Walkabout: The Benefits from Walking for Adrenal Fatigue
Australian aborigines walked around in the desert until they found what they were seeking, a sort of spiritual fulfillment or something that made them feel complete or accomplished. New research confirms what seems obvious: There are many health benefits from walking or maybe they were simply out seeking a slightly stimulated heart rate and a nice light sweat while taking in the natural landscape.
While many around the world run or do other, more extreme forms of exercise, JUST walking can improve your outlook on life and ease your fatigue. And while the former exercises (e.g., running, jogging, and most team sports) can cause long-term, lasting damage to your body, walking has all of the benefits with none of the drawbacks.
A recent study of those with Parkinson’s disease has shown the benefits from walking. Parkinson’s is a systemic disease, meaning that it manifests throughout the body with a broad suite of symptoms. Less severe, but similar in its systemic nature, Adrenal Fatigue Syndrome sufferers may also reap such benefits from walking. In its Parkinson’s study, roughly 50 people were tracked, ages 50 to 80, having them wear monitors, and they were asked to keep a record of their exercise. Their walking speed was just less than 3 miles per hour when averaged out.
Benefits From Walking
Over the course of half of a year, improvements were noted in motor function, levels of fatigue, executive function, quality of life, and mood. 150 minutes a week of such exercise for those suffering from Parkinson’s shows great promise for relief. If something so simple can help the prognosis of a systemic disease, it seems like an obvious behavioral choice. Likewise, if those with Parkinson’s can and are encourage to participate in such activities, it shouldn’t be of concern for those with AFS, unless in the deep stages or bedridden. It’s always good to have a professional with AFS experience to check that this activity is ok for you; especially if you’re not sure you can handle much walking.
To understand why walking may not be suitable for your body, it is necessary to discuss how stress changes the body. They body deals with stress via the neuroendometabolic stress response system, a network of constituent functional systems distributed across multiple organs and organ systems. When the adrenal glands initialize the body in reaction to a stressful experience, its influence radiates out through the NEM network in an activation cascade, putting the entire body in a stress response state. If the entire body is left in this activated state, it quickly drains the body’s nutritional reserves and depletes adrenal function, leading to Adrenal Fatigue.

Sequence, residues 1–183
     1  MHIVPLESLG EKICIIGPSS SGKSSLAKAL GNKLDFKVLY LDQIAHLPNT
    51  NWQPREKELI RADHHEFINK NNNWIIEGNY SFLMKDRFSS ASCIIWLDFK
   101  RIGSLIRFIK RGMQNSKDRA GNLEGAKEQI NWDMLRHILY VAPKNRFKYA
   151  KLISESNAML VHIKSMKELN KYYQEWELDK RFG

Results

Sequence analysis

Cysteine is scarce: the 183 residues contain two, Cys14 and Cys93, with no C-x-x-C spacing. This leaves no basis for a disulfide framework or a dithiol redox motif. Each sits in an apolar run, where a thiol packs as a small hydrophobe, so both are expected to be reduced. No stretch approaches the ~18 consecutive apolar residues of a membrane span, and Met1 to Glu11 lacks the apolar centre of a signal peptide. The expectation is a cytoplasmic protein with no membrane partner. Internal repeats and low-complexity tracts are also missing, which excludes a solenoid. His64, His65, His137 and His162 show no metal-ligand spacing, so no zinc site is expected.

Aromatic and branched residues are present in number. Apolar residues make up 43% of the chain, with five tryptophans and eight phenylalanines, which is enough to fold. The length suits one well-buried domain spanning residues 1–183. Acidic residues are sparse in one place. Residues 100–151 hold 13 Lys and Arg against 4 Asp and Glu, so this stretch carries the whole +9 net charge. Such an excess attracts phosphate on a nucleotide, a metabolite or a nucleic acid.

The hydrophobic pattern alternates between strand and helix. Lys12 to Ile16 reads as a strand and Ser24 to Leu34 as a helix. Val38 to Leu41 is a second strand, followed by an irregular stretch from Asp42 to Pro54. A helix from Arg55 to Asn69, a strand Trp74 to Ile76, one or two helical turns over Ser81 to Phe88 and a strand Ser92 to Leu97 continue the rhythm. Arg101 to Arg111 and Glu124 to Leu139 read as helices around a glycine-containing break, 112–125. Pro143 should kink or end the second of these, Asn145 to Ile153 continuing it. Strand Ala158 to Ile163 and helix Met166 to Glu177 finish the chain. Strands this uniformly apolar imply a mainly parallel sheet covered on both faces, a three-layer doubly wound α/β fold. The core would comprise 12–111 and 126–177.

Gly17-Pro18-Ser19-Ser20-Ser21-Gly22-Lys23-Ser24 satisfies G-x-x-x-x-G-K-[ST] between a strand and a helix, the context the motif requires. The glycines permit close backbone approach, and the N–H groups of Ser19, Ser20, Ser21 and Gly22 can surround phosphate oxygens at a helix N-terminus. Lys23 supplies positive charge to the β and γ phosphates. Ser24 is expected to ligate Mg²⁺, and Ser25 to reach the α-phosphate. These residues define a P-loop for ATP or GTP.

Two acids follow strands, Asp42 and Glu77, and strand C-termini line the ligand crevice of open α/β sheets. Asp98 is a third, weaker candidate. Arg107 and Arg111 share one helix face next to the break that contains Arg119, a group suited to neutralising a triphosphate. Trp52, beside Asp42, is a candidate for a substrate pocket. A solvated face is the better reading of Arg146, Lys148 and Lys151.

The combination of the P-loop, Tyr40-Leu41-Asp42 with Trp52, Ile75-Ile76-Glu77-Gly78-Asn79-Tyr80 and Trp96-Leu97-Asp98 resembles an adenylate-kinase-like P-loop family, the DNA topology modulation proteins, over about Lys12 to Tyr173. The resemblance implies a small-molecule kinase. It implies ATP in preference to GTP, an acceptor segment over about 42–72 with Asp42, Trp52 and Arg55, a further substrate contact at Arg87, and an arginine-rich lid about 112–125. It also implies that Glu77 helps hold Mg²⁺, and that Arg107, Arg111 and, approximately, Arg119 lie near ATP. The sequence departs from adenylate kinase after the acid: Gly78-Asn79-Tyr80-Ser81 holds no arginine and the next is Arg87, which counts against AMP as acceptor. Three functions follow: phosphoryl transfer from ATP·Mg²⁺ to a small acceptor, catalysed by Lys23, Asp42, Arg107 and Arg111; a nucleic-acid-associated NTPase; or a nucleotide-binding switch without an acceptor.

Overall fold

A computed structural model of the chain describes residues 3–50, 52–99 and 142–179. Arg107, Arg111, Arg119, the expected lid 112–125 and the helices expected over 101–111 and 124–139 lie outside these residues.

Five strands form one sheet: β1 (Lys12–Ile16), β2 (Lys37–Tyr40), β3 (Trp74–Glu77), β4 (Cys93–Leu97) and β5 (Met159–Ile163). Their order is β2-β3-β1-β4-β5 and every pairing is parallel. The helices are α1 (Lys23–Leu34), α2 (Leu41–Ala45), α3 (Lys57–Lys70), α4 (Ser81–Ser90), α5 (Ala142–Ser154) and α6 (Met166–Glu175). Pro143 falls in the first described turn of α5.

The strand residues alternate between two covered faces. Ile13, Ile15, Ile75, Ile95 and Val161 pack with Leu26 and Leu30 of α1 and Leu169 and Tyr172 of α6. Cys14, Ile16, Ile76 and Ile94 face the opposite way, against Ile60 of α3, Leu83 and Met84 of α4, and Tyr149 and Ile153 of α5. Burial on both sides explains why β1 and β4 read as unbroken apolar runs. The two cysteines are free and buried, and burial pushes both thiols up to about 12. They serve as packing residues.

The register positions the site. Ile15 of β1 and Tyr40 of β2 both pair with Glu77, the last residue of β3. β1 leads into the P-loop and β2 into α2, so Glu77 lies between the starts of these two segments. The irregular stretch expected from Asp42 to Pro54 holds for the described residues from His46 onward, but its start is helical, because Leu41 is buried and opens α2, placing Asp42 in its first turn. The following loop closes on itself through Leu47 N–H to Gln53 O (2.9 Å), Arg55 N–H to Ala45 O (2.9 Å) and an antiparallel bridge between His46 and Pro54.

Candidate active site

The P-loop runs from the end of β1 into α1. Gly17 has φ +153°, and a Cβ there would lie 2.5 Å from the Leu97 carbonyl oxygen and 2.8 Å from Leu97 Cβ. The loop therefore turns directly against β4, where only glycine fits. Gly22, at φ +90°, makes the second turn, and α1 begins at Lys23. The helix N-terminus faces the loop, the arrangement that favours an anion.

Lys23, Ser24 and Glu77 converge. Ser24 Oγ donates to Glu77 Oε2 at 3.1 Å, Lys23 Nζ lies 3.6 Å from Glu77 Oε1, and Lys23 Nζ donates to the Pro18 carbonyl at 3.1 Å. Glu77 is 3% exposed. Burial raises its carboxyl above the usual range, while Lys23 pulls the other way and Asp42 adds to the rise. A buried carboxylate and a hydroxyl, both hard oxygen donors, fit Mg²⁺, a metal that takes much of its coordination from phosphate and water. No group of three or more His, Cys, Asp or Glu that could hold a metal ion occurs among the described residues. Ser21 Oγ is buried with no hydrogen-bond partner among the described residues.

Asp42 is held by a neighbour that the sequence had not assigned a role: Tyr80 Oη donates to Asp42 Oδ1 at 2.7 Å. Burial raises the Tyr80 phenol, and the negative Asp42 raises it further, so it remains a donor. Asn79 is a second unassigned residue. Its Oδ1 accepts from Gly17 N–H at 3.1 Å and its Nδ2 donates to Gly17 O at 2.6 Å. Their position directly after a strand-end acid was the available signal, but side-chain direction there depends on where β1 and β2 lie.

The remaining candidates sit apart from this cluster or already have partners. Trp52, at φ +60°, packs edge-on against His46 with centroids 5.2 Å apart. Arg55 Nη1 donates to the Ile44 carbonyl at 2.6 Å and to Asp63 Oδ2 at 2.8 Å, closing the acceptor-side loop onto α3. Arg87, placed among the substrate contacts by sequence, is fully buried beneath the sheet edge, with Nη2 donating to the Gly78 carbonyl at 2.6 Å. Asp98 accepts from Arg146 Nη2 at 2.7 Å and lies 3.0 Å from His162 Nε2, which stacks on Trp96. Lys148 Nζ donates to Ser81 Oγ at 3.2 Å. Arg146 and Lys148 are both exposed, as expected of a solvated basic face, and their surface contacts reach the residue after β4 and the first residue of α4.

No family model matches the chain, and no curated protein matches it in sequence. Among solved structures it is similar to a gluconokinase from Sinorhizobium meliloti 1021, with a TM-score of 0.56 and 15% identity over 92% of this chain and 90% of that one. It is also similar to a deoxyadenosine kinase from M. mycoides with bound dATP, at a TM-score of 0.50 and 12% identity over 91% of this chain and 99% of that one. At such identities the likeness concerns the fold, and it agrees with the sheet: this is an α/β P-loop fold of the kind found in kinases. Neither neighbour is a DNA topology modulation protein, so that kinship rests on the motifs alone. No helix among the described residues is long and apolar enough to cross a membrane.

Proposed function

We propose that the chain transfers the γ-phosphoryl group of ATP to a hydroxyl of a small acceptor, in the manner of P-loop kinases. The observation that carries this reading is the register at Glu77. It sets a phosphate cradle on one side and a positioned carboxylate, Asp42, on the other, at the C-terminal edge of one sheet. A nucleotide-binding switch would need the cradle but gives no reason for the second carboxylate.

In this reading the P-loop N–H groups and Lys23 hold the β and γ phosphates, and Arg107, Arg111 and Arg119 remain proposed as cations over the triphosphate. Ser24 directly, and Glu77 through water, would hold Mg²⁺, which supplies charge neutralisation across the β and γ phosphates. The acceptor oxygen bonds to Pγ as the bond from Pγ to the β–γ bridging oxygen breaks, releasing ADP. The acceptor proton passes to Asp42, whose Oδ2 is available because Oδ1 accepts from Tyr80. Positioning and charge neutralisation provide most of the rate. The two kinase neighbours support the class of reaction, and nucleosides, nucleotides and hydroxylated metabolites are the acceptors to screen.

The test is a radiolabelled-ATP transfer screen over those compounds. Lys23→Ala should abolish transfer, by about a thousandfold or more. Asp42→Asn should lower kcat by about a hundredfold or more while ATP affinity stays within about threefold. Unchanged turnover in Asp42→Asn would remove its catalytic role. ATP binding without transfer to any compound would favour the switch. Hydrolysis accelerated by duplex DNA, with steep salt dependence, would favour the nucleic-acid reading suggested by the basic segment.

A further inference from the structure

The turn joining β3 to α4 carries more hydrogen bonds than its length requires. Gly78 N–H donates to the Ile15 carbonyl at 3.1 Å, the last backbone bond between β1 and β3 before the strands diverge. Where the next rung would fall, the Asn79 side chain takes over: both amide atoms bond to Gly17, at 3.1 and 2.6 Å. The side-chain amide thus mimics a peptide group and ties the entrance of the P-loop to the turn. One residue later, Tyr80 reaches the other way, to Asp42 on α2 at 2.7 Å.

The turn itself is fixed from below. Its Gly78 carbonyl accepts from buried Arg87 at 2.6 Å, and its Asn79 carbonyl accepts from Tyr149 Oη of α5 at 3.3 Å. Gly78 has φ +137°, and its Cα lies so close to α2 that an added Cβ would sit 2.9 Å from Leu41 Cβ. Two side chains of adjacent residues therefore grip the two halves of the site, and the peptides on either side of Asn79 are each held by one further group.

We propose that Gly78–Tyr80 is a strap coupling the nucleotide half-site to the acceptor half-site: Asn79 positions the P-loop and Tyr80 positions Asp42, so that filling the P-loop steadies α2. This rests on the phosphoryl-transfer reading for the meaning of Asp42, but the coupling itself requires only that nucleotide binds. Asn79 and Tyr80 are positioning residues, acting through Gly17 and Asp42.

One of the many symptoms of Adrenal Fatigue is a drawdown of exercise capacity, getting so severe in some cases as to become exercise intolerance. Exercise, while necessary to keep the body healthy, also causes stress. When the NEM stress response system is already causing dysfunction throughout the body in the case of Adrenal Fatigue, it is very easy to overshoot the threshold of stress the body can deal with. This causes a functional decompensation event known as an adrenal crash that pushes the body into worse and more advanced stages of the condition. Fortunately, most cases of Adrenal Fatigue never get so severe, and thus for the majority of sufferers, walking is a high recommended exercise.
Walking for 30 minutes, 5 times a week may help your AFS symptoms and is almost always safe and easily accessible. There are several things to keep in mind when starting to incorporate walking into your routine. Make sure to eat a snack before and after a walk. If you have a drop in energy up to 6 hours after your walk, make sure to reduce your time spent walking and the intensity of the walk. If you are weak, start the Adrenal Breathing Exercises or Adrenal Yoga Exercises before starting any walking regimen.
With mood issues, difficult getting around, and extreme fatigue, walking regularly can be very beneficial for those with the ability to get around, improving all of these factors and possibly completing that vision quest alluded to in the Aboriginal lifestyle. Western ideas often embrace goals, but more and more research is showing that it’s the journey and not the destination that is so valuable in our lives. Perhaps it’s time we start our journey to a healthier life?